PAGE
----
Matthew 18:1-5, 10
The term ‘Guardian Angels’ refers to the belief that each soul has an angel who is available to shepherd the soul through life, and help bring them to God.
In the book, Lives of Saints, belief in the reality of angels, their mission as messengers of God and man’s interaction with them, goes back to the earliest times. Cherubim kept Adam and Eve from slipping back into Eden; angels saved Lot and helped destroy the cities of the plains; in Exodus Moses follows an angel, and at one point an angel is appointed leader of Israel. Michael is mentioned at several points, Raphael figures large in the story of Tobit and Gabriel delivered the Annunciation of the coming of Christ.
The concept of each soul having a personal Guardian Angel is also an ancient one and long accepted by the Church even if the Church has never actually defined as an article of faith that God gives to each human being a guardian angel. In today’s gospel, Jesus says, “See that you do not despise one of these little ones, for I say to you that their angels in heaven always look upon the face of my heavenly Father,”(Matt 18:10).
M. Weber in the book, Rustle of Angels, said that the word angel appears 292 times in 35 Books of the Bible. However, other words are also used to designate angels. The Hebrew word for ‘angel’ is mal’akh in the Old Testament. The Greek word is angelo. in the New Testament and this means, ‘messenger.’
The presence of Guardian Angels is a touching proof of divine love and providence. That God does not abandon to what we call “chance,” any of His creatures. By His essence and providence He is everywhere present; not a sparrow falls to the ground or a hair from our heads, without His consent. He is not content, however, with assisting His creation daily and at every moment, with sustaining His handiwork which without His continuous support would return to dust.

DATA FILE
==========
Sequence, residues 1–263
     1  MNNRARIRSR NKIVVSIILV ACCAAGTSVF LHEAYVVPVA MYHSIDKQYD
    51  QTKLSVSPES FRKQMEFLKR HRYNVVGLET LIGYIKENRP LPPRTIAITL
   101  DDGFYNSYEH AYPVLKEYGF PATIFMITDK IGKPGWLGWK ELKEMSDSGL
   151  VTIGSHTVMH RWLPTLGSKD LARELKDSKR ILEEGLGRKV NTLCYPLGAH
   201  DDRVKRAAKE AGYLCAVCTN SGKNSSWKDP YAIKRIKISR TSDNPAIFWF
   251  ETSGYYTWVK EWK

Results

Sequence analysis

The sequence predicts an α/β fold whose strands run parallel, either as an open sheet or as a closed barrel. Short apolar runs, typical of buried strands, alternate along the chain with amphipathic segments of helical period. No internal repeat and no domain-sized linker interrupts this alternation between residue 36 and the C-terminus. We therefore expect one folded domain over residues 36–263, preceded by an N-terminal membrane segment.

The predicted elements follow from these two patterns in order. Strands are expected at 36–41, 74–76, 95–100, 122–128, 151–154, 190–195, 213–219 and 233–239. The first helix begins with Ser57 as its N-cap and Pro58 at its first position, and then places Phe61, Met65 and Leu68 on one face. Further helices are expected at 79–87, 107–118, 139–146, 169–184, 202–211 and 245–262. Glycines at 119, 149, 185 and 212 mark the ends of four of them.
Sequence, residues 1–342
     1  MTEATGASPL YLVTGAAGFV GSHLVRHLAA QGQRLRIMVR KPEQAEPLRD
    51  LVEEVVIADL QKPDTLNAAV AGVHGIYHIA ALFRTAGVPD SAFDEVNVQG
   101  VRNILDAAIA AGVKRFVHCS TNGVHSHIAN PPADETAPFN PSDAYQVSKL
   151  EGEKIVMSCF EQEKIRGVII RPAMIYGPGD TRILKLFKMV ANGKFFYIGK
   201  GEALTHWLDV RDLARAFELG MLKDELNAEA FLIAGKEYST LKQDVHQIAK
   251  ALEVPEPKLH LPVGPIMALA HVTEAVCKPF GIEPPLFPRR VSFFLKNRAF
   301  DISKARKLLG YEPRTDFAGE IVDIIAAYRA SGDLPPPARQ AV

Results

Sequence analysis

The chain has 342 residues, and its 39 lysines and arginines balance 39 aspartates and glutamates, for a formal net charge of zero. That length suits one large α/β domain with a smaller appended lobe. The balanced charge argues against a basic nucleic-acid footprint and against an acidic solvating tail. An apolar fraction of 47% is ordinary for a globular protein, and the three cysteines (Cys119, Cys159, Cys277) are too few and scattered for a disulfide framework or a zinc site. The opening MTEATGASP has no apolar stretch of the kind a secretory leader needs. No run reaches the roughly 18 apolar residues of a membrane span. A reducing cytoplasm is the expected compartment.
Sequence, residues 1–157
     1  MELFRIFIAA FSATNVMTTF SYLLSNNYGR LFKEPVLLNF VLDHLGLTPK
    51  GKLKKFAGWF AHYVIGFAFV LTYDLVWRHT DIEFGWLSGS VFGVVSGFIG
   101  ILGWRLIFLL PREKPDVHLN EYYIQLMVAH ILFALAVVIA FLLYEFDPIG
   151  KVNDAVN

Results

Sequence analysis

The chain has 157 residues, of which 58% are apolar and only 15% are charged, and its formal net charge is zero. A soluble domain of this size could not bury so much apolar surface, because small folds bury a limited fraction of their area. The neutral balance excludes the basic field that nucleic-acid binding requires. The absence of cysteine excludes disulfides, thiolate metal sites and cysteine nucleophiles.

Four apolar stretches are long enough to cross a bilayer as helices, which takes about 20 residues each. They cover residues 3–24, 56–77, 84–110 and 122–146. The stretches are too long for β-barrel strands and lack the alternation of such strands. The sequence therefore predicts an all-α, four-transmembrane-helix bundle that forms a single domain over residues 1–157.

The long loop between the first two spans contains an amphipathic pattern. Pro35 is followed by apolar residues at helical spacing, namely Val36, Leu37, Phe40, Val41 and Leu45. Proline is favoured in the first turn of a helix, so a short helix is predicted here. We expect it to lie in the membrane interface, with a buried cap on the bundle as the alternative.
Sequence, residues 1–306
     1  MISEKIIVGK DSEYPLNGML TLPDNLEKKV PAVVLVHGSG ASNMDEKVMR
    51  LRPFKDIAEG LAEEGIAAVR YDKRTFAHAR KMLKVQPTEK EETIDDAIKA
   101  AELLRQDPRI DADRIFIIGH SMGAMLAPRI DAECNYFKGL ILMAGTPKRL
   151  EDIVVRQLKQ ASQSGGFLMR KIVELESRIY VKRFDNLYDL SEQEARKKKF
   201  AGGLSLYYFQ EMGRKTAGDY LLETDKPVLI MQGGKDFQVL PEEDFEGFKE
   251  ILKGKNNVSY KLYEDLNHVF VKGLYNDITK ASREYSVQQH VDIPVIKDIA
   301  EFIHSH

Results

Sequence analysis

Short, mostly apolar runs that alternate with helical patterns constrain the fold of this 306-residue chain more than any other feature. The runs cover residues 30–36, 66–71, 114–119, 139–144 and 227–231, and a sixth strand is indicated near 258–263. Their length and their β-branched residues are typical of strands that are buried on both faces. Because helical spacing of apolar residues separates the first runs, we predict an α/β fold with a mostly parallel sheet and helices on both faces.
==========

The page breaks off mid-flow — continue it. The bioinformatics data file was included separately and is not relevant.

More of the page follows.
What missions does God assign to them to do? A few sources are related in the Scriptures, like that of the angel who rolled away the stone of Christ’s sepulchre. How many more tasks they have is past imagining. St. Hilary wrote sixteen centuries ago: “You might wish to understand these angels as the eyes or the ears or the hands or the feet of God.”
Another mission could be that the angels defend us from the seductions of the world and from Satan. In the book Beyond Space by P. Parente, excerpted by the Bible Diary 2002, that occasionally our angel allows trials along our way to help us atone for our sins; or temptations, to humble our pride. They pray with and for us, offer up our prayers and sufferings. At death they defend the soul committed to their care against Satan. In purgatory they will often visit and comfort it. They go around inspiring relatives and friends on earth to offer Masses and to pray for its release. The Guardian Angels will not rest until they will be able to bring the soul under their care into paradise to share the joy and vision of God.
What can we do to acknowledge the presence and aid of our own guardian angels? He certainly deserves our prayers and thanks, considering all he has done to protect us whether we realized it or not. The theologian Origen even wrote in the third century: “To every man there are two attending angels, one of justice and the other of wickedness.” The angel of justice is our bodyguard.
The least we could do is to say the Angele Dei in our morning or night prayers. At this time let us pray the Angelo Dei: “Angel of God, my guardian dear. To whom His love commits me here; Ever this day (or night) be at my side, to light and guard, to rule and guide. Amen.”
See Today’s Readings: Memorial of the Guardian Angels
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